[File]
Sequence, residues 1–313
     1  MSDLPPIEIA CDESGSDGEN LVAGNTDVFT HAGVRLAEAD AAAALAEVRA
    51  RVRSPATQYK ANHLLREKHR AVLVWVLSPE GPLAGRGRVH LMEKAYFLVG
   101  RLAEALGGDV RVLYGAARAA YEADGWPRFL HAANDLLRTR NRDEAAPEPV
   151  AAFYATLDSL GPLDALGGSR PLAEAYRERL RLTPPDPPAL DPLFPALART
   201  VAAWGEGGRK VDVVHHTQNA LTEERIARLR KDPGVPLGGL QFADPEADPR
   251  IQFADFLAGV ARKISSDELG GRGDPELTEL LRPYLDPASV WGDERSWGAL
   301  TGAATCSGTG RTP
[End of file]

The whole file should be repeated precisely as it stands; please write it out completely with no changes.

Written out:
Sequence, residues 1–313
     1  MSDLPPIEIA CDESGSDGEN LVAGNTDVFT HAGVRLAEAD AAAALAEVRA
    51  RVRSPATQYK ANHLLREKHR AVLVWVLSPE GPLAGRGRVH LMEKAYFLVG
   101  RLAEALGGDV RVLYGAARAA YEADGWPRFL HAANDLLRTR NRDEAAPEPV
   151  AAFYATLDSL GPLDALGGSR PLAEAYRERL RLTPPDPPAL DPLFPALART
   201  VAAWGEGGRK VDVVHHTQNA LTEERIARLR KDPGVPLGGL QFADPEADPR
   251  IQFADFLAGV ARKISSDELG GRGDPELTEL LRPYLDPASV WGDERSWGAL
   301  TGAATCSGTG RTP